Feature image courtesy Creative Commons

RockyMountainNavy.com © 2007-2022 by Ian B is licensed under CC BY-SA 4.0

#Wargame Wednesday – #SnippetThoughts >> The Dragon & the Hermit Kingdom: The Second Korean War (Decision Games, Modern War #45, 2019)

Recently played The Dragon & the Hermit Kingdom: The Second Korean War from Decision Games found in Modern War #45 from November 2019. The publisher’s blurb is as follows:

The Dragon and The Hermit Kingdom is a two player game that covers the hypothetical simulation of a second Korean War that could occur in the very near future. This game is a precursor to The Dragon that Engulfed the Sun (Modern War #42). It simulates the war that would have occurred on the Korean peninsula just prior to that game’s setting. The Dragon that Engulfed the Sun assumes that a Chinese victory had already occurred in Korea. This game, however, simulates the entirety of that preceding conflict, beginning with a supposed North Korean invasion of South Korea.

Game Overview, BGG
Courtesy BGG

Snippet Thoughts

Magazine game with typical single map, low density (single sheet of counters) and rules based on an ongoing series.

A different take on a “Third Party Intervention” scenario for a next Korean War; instead of the PRC entering to prevent the Combined Forces player from going too far north, postulates the PRC enters on the side of North Korea from the beginning of a conflict.

Order of Battle like a very typical “modern day” next Korean War game but with lots (and I mean lots) of airpower for both sides. Oh yeah, and the PLA/PLAAF/PLAN/PLASF too…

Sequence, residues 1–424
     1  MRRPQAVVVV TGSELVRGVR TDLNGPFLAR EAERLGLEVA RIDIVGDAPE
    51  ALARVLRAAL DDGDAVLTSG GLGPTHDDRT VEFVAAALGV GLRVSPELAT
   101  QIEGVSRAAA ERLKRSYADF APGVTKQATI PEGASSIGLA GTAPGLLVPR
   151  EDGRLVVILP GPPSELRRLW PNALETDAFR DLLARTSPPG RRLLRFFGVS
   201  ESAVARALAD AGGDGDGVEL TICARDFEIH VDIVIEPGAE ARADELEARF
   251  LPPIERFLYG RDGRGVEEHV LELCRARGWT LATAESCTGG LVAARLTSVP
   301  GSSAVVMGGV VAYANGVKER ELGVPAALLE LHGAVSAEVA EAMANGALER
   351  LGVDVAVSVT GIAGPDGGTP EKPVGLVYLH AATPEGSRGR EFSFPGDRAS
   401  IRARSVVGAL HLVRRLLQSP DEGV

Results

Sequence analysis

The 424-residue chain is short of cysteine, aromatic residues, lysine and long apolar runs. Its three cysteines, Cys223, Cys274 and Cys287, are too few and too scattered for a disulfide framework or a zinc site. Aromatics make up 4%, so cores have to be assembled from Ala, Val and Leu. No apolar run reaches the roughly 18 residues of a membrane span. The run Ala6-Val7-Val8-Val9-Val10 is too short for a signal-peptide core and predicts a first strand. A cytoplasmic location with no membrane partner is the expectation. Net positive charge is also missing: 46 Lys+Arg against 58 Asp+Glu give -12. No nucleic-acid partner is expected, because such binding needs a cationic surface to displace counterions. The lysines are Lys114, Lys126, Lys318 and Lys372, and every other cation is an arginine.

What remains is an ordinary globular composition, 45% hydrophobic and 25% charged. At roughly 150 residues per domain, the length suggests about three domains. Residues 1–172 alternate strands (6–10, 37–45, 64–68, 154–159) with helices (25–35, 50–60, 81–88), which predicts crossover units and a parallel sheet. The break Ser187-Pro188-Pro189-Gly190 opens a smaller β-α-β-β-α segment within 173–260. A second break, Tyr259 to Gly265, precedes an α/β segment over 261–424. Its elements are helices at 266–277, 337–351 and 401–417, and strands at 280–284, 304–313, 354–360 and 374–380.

The PRC has fewer Cyberwar units than the West? That’s being very charitable…

Missiles and airpower become overwhelmingly important in “shaping” the battlefield.

If PRC intervenes in a Korean conflict, any reinforcement to the Peninsula will have to get past PLA anti-access/area denial (A2AD) systems. This is somewhat portrayed in the game (plenty of PLASF missile units).

What’s the Game’s Message?

If the Chinese intervene invade with the North Koreans it’s not going to be the ground forces the Combined Forces need worry about; it’s the airpower and A2/AD capabilities the PLASF brings that will shape the battlefields on the Peninsula. Oh yeah, and there is not much the Combined Forces will be able to do about it either…


Feature image courtesy wuxinghongqi.blogspot.com

Glossary: A2AD = anti-access/area denial; PLA = People’s Liberation Army; PLAAF = People’s Liberation Army Air Force; PLAN = People’s Liberation Army Navy; PLASF = People’s Liberation Army Strategic Force; PRC = People’s Republic of China

RockyMountainNavy.com © 2007-2022 by Ian B is licensed under CC BY-SA 4.0